10 Reasons Internet Sales Should Be Taxed

The U.S. Supreme Court ruled in 1992, in Quill v. North Dakota, that retailers do not have to collect sales tax in states where they have no physical presence. At that time, the decision was for the sake of mail order companies, which operated without stores or warehouses in states where they conducted sales. It has since been extended to include online businesses for the same reasons, which essentially state that collecting taxes for numerous states with different tax codes, as well as thousands of different localities within those states would cause an undue burden on these businesses. This ruling should not apply to online businesses, and I’ll tell you why. Here’s a list of 10 reasons why Internet Sales should be taxed:

  1. Exemption was originally decided on to avoid burdening retailers from having to collect taxes from 45 states and 7500 different local taxing jurisdictions. This burden has since been alleviated via available software that makes the task of tax collection very simple.
  2. Exempting internet retailers from collecting taxes unfairly disadvantages local merchants who are required to collect taxes.
  3. Local police and fire departments, schools and other services lose out on much-needed tax revenues that are not collected through internet sales.
  4. The Streamlined Sales Tax Project, involving 44 states, is an agreement to create uniform take codes in order to ease the burden of tax collection by companies doing business in multiple states. Twenty-four of those states have passed legislation to enact these new tax policies.
  5. Entity Isolation, a loophole by which companies have in the past avoided the responsibility of collecting taxes by claiming that their internet businesses are distinct entities separate from their physical stores, has been successfully challenged in state courts.
  6. The National Conference of State Legislature found in 2010 that if state taxes were collected by internet businesses, 13% of states’ combined budget deficits could be eliminated.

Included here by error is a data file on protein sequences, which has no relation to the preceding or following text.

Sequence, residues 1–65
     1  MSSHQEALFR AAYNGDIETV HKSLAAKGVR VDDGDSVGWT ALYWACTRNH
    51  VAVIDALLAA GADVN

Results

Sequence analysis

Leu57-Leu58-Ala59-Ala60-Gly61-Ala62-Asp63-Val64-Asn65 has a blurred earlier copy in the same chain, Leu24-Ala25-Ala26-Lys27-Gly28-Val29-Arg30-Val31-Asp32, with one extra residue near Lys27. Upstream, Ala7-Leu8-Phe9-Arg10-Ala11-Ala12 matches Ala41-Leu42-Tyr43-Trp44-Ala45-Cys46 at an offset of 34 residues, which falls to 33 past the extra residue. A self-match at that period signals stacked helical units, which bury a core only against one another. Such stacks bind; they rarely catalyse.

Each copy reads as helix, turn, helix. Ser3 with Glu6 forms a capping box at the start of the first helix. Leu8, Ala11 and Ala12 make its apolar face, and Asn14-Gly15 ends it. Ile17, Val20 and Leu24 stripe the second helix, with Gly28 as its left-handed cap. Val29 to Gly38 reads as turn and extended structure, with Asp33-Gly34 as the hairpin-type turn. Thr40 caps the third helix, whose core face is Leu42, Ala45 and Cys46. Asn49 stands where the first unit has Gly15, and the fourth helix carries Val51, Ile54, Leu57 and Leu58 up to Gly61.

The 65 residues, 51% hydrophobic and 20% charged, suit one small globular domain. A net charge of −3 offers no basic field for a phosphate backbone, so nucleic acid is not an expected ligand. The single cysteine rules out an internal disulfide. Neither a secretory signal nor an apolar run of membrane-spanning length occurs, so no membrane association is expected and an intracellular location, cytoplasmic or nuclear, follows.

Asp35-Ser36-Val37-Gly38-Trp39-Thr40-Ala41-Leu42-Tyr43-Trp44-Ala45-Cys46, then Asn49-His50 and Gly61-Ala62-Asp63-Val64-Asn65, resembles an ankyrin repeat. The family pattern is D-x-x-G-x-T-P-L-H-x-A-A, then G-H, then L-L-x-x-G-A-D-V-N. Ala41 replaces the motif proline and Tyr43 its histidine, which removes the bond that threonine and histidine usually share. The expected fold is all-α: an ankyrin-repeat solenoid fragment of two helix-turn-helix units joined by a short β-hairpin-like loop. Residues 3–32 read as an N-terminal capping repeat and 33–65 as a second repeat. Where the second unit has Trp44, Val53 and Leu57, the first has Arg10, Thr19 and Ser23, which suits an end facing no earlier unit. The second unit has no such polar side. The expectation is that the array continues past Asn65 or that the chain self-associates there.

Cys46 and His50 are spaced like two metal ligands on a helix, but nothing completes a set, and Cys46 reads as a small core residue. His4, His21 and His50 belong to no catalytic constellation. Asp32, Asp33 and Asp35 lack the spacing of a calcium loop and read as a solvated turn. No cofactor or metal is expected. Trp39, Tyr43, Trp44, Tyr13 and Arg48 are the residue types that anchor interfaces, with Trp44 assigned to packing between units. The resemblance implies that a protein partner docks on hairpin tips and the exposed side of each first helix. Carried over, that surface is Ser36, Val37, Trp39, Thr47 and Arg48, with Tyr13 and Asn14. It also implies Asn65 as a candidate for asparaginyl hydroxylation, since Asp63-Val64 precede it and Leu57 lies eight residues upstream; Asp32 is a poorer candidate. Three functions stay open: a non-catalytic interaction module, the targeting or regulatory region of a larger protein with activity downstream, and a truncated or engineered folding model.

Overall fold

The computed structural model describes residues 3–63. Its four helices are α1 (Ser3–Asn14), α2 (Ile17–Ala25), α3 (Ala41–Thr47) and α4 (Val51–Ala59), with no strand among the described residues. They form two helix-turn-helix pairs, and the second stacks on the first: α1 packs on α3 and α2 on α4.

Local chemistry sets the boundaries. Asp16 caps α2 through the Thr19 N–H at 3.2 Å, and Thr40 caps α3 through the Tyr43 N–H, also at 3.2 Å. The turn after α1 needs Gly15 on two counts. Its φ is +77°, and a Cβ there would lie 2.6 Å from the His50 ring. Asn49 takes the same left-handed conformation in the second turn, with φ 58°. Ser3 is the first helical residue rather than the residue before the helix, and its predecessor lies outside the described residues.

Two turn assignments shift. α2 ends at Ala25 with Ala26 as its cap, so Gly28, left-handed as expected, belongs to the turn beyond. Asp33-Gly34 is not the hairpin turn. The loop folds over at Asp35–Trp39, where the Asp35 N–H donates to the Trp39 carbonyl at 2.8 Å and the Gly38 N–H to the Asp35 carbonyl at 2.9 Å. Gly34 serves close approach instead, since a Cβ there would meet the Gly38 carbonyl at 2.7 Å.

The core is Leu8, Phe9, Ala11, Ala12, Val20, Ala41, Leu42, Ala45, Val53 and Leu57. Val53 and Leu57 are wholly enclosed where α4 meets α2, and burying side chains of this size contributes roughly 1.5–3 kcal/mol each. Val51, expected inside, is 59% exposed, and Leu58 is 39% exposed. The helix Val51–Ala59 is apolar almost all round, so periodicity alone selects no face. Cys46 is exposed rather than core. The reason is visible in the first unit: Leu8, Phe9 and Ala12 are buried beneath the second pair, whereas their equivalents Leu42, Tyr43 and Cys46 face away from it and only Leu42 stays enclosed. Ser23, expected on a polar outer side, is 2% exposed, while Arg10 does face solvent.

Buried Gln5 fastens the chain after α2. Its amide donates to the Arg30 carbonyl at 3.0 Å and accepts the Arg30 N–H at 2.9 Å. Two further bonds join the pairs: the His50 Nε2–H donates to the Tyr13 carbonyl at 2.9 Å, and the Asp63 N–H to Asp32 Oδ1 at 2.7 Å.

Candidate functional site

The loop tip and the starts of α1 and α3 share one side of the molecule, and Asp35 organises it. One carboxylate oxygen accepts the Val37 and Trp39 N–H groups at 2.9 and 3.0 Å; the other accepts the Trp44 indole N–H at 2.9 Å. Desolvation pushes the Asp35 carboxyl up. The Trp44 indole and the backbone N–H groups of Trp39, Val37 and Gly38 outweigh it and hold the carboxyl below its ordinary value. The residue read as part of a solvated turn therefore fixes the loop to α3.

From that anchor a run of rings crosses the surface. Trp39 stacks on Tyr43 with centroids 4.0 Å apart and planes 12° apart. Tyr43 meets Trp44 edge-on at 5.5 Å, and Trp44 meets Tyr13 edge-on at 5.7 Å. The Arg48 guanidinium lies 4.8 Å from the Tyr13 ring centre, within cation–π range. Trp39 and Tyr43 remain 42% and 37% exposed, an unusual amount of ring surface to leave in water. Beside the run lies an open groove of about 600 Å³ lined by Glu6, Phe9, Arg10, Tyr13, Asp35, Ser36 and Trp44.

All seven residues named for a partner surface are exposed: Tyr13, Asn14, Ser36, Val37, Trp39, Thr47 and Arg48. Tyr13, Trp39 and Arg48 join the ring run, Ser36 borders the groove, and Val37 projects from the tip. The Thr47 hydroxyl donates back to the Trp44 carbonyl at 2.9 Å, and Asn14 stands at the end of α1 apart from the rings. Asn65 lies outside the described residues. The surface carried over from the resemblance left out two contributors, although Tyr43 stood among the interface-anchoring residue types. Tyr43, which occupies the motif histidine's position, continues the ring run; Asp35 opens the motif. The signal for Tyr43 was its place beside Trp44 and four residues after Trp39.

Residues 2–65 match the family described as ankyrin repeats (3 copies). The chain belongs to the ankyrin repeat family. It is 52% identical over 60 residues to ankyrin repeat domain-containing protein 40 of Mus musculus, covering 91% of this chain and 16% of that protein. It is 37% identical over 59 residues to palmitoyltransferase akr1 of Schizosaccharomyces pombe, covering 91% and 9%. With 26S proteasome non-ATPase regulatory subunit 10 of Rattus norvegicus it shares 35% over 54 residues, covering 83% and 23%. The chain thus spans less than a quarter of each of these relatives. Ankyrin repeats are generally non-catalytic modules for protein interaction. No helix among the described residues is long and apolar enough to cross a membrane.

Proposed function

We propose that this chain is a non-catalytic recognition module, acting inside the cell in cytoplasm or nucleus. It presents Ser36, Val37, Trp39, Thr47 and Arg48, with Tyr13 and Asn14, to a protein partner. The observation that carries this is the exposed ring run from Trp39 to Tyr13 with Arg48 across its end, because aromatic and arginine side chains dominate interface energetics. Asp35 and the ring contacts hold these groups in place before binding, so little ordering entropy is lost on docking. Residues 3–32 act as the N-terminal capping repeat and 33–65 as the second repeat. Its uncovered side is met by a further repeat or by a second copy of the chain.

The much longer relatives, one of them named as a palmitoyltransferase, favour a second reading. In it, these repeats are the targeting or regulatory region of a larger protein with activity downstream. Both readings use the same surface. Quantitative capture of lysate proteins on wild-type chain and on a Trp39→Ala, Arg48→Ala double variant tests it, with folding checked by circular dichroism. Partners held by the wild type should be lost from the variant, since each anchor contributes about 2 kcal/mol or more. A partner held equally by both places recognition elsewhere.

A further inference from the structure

7. The Main Street Fairness Act, which was introduced to Congress in 2009, would allow states to require large online retailers who can afford the cost of equipping themselves for the task, to collect state taxes from their online customers.
  8. Customers who patronize online retailers are benefiting from services in their states while the sales taxes which pay for those services are not being collected on their purchases.
  9. While internet shoppers are still liable for the taxes on their purchases, few are claiming these purchases on their tax returns, so the taxes go uncollected. Requiring online retailers to collect them would ensure that these taxes were recovered for the individual states.
  10. As internet sales represent a larger and larger percentage of overall commerce, more and more tax revenue will be lost to states and municipalities, which rely so heavily upon them.

Clearly, the time has come for legislation that reflects the realities of modern-day commerce. Let’s allow states to claim their share of revenue that is being conducted in their constituents’ homes,  as companies profit from those sales while state services suffer.

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